If you've ever traveled past a used car lot or a store that's going out of business, you've probably seen one of the more popular means businesses use to attract attention. What are we talking about? Those tall, inflatable, tubular gizmos, of course!

Is that what they're really called? Not exactly. They don't have an official name, unless you're talking about a specific brand. But they go by all sorts of different names.

For example, you may hear them called by any of the following names: tube men, tube guys, tall boys, flyguys, air dancers, etc. The television show Family Guy famously dubbed them "wacky waving inflatable arm-flailing tube men."

You probably already know what they look like. If not, just imagine a tall, inflatable tube (sort of like a giant wind sock) with arms and a funny face. A fan attached to the bottom blows air upward, so that it will gyrate up and down and side to side.

They're certainly good at attracting attention. Kids often find them funny, while many adults think they're annoying or tacky. In fact, many cities, including Houston, Texas, have banned them, calling them "visual clutter and blight."

So how did these things come to be? Given what they've turned into, many people are surprised to find out that they got their start as a form of artistic expression at the 1996 Olympic Games in Atlanta, Georgia.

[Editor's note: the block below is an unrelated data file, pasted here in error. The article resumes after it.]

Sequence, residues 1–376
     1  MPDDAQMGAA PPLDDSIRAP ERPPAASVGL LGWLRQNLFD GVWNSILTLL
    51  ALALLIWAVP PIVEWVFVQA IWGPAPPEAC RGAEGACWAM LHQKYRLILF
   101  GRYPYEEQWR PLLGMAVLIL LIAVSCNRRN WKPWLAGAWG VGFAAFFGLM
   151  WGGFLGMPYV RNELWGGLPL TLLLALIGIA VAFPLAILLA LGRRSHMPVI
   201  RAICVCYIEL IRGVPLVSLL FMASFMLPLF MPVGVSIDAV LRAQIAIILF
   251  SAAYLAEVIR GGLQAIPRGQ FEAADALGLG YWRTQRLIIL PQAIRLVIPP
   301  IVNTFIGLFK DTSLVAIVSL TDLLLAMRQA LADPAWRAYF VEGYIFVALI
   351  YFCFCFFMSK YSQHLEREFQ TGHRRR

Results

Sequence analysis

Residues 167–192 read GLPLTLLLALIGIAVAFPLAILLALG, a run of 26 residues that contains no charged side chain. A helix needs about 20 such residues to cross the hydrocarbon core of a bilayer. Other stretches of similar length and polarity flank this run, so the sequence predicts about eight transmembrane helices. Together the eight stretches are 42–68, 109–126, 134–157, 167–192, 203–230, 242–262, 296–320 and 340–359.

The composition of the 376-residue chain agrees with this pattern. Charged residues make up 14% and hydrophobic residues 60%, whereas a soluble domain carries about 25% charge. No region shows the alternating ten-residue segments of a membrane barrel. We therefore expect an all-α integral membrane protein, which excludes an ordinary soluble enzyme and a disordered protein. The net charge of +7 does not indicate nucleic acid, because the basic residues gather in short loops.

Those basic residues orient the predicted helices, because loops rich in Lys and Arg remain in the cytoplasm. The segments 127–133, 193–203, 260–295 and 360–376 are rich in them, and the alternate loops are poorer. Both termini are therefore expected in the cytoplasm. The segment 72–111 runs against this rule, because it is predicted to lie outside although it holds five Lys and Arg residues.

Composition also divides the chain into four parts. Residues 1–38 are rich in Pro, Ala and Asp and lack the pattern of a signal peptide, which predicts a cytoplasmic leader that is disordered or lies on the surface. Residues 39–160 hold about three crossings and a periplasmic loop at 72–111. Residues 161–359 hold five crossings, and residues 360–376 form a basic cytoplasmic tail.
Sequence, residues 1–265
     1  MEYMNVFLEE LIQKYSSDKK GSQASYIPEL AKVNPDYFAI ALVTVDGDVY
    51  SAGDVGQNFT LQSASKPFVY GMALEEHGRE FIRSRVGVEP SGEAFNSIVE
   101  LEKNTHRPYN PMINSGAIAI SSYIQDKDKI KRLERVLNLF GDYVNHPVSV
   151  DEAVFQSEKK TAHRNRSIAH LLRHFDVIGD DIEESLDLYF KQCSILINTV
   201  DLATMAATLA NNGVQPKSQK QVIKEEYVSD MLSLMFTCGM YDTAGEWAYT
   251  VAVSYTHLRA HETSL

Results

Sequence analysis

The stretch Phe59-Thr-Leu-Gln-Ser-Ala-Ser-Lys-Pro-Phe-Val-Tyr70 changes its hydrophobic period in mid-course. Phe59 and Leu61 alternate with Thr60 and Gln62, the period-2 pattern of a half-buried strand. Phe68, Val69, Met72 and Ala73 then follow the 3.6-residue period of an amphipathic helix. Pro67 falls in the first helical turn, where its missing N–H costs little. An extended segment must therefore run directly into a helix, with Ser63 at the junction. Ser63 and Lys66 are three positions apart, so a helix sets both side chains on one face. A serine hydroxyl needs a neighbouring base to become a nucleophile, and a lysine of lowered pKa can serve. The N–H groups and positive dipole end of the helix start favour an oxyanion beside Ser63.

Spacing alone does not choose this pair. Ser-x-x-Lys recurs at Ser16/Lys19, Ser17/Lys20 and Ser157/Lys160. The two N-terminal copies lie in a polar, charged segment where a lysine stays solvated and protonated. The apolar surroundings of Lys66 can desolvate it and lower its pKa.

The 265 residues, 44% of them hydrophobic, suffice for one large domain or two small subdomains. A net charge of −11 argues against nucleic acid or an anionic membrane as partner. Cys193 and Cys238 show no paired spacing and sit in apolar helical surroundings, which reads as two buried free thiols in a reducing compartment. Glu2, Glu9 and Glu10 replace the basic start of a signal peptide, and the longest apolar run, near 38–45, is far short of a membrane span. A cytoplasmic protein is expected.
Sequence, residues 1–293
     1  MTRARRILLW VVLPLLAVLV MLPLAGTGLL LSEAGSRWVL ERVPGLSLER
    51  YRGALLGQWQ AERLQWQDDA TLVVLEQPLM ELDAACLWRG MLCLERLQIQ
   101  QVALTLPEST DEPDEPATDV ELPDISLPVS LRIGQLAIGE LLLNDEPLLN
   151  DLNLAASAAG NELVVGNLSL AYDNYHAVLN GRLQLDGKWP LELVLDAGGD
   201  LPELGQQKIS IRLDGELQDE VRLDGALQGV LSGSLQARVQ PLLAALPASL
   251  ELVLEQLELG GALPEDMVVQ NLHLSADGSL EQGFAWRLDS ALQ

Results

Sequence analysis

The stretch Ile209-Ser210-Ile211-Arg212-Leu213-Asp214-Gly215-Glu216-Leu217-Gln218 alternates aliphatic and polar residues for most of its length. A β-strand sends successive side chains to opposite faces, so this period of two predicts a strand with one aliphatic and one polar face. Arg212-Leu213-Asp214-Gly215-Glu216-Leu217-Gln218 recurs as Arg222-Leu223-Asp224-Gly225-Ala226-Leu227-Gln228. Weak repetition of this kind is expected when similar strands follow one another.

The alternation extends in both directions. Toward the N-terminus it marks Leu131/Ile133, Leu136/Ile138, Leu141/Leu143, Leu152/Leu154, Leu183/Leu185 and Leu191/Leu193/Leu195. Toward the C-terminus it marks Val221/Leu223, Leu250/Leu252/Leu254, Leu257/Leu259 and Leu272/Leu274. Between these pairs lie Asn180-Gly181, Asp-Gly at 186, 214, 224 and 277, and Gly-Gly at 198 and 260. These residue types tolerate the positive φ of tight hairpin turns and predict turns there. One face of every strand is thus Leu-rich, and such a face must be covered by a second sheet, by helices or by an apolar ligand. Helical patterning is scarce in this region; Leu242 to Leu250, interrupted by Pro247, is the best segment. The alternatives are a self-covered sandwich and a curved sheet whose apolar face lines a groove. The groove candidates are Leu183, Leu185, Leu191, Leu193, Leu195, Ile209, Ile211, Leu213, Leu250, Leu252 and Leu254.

Peter Minshall, an artist from Trinidad and Tobago known for his artwork for carnivals, designed huge inflatable tube figures for the 1996 Olympics. He called them "tall boys" and, unlike the tube men we see today, his creations had two legs.

Minshall's designs came to life with the help of Israeli artist Doron Gazit, who built them. After the Olympics, Gazit patented the tall boys, which he called "flyguys" and his patent application called an "Apparatus and Method for Providing Inflated Undulating Figures."

Others soon made their own versions of tube men, eventually leading to the single-tube design seen so often today. Unfortunately, the novelty has worn off and the many bans across the country have put a dent in the popularity of tube men.

Not all is lost, however. As it turns out, tube men have a very practical application that may ensure their existence far into the future. When outfitted with reflective streamers, tube men make very effective scarecrows that can keep birds away from farms, warehouses, vineyards, landfills, or anywhere else that wants to keep pesky birds and other critters away.

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